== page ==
During his talk, Estate lawyer Paul Feldman described a few pragmatic steps that can help with legal and long-term planning. Here we outline the main points for your reference.

In addition, we provide some links to helpful online resources that can help you better manage care for your loved one.

Legal and Long-term Planning

  •  It is never too early to talk about and plan for the future.
  • Analyze all financial, legal and social long term care factors as early as possible. This will help to determine your options and legal strategy as to how you will provide and implement an appropriate plan of care. Be sure to consider the individual’s declining health and personal preferences.
  • Any individual diagnosed with FTD should execute a medical and financial Power of Attorney, designating an Agent to make decisions for them. While some patients may be still capable of making decisions themselves, this is to prepare for the time when they will not be able to do so.
  • A person with FTD who separates from employment should always immediately submit an application for Social Security Disability Income, both for themselves and for minor children.  They should also apply for any employer provided private disability insurance coverage, to partially replace salary.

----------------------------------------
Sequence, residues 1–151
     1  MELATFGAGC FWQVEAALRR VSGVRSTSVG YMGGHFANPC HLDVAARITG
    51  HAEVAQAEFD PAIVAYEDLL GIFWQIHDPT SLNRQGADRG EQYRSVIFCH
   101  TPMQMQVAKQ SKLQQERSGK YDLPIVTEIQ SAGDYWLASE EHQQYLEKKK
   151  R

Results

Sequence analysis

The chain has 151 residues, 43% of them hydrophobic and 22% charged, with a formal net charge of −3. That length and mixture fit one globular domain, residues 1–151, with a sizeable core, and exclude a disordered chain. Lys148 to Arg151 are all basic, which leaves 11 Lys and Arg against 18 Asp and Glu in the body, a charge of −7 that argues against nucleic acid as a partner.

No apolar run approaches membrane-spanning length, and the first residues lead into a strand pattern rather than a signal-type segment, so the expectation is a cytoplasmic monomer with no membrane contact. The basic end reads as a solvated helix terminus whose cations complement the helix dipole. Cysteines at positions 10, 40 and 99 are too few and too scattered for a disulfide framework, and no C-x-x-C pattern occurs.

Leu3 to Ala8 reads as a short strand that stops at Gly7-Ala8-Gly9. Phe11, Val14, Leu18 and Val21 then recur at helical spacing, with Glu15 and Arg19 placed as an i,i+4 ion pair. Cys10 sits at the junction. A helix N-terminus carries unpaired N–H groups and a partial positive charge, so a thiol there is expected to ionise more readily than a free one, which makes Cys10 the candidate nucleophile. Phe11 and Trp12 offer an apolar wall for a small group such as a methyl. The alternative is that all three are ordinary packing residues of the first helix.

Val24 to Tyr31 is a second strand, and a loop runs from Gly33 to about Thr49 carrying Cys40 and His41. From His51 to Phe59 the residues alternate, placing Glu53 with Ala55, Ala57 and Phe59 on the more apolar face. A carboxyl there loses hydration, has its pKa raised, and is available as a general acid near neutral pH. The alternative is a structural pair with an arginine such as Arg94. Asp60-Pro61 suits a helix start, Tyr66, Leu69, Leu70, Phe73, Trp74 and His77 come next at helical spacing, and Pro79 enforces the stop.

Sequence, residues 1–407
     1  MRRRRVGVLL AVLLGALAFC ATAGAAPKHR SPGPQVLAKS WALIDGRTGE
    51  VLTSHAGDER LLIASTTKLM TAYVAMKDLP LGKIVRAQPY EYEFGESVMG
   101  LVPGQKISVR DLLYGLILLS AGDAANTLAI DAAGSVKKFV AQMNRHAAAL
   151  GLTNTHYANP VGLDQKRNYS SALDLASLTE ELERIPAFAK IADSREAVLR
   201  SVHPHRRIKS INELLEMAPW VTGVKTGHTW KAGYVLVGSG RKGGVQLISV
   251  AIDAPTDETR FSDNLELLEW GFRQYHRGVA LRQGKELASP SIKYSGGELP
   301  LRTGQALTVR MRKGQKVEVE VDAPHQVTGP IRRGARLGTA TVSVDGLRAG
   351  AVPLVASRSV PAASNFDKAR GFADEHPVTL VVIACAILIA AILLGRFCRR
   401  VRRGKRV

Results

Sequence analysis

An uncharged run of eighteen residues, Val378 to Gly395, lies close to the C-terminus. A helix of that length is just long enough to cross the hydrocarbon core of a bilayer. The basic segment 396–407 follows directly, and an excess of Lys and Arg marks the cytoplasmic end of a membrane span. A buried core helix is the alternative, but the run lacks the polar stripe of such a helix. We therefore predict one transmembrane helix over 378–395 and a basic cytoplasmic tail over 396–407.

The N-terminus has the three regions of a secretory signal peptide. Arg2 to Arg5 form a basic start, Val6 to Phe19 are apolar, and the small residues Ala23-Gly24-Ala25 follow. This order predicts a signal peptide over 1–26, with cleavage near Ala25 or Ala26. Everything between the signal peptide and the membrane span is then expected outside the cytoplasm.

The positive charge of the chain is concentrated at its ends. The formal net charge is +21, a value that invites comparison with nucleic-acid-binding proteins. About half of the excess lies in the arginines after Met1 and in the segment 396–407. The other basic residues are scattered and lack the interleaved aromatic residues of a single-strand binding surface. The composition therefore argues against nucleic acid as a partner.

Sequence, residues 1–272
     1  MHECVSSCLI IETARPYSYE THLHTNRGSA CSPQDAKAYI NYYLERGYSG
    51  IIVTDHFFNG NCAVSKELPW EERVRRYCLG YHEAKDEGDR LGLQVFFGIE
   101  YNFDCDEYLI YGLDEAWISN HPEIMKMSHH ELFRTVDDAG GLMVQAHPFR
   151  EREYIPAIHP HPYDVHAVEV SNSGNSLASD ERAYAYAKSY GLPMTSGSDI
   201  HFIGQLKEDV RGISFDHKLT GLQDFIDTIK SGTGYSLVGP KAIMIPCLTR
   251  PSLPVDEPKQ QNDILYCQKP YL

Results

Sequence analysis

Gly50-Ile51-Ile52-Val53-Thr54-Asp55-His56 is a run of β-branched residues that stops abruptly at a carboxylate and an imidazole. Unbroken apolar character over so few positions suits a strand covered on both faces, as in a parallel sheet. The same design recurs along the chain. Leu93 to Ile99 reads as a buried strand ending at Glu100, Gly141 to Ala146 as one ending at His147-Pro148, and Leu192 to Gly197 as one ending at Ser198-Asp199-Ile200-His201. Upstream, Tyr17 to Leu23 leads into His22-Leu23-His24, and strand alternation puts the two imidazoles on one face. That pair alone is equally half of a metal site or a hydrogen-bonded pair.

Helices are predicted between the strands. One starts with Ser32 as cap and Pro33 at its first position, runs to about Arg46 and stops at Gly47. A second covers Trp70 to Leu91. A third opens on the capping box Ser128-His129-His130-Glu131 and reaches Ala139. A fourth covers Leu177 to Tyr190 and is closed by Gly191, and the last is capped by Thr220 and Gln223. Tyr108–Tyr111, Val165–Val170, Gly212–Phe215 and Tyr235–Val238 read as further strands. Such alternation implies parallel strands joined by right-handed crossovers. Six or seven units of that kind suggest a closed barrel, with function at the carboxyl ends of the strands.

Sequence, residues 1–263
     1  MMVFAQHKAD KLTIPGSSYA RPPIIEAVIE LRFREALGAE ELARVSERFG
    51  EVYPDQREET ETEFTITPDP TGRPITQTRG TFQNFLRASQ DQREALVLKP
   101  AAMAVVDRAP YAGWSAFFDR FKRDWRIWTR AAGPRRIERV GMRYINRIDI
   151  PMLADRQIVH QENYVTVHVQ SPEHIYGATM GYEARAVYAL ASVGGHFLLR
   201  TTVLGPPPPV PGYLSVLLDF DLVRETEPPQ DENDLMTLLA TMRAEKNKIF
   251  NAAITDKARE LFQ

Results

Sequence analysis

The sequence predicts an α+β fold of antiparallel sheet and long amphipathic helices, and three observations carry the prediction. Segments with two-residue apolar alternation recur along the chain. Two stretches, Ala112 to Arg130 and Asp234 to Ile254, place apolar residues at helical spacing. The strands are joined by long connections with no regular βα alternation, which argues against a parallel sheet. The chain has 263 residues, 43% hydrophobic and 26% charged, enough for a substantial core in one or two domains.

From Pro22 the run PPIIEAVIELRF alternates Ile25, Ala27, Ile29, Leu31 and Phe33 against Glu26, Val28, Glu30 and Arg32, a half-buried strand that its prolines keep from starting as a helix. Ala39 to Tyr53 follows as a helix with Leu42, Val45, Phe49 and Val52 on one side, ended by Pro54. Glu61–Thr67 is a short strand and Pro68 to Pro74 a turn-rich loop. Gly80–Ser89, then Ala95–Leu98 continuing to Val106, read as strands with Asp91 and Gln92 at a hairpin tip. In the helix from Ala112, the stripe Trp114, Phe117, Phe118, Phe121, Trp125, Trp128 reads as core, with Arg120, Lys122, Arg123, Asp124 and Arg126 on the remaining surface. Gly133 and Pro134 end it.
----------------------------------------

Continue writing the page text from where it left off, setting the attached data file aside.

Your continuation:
• Pay attention to traditional estate planning issues, such as changing your Will, retitling assets out of joint names, and changing beneficiary designations on life insurance and retirement accounts.

Links to Community Resources

  • CareFinder – Online guide sponsored by the Alzheimer’s Association that provides information and can help in the search for the right care option.
  • Nursing Home Compare –  Detailed information about every Medicare and Medicaid-certified nursing home in the US.
  • Eldercare Locator – A public service of the U.S. Administration on Aging. Includes a wide range of home and community services. Linked with Area Agencies on Aging.
  • Local Area Agency on Aging – A resource for home and community-based services for older adults and family caregivers, including respite care and housing options.
  • Long-Term Care Ombudsman – Funded by US Office on Aging and operated by NCCHCR. Provides consumer education and advocacy for long-term care residents.
  • Long-Term Care Community Coalition – Devoted to improving care for the elderly and disabled.  Works to ensure that long-term care consumers are cared for safely and treated with dignity.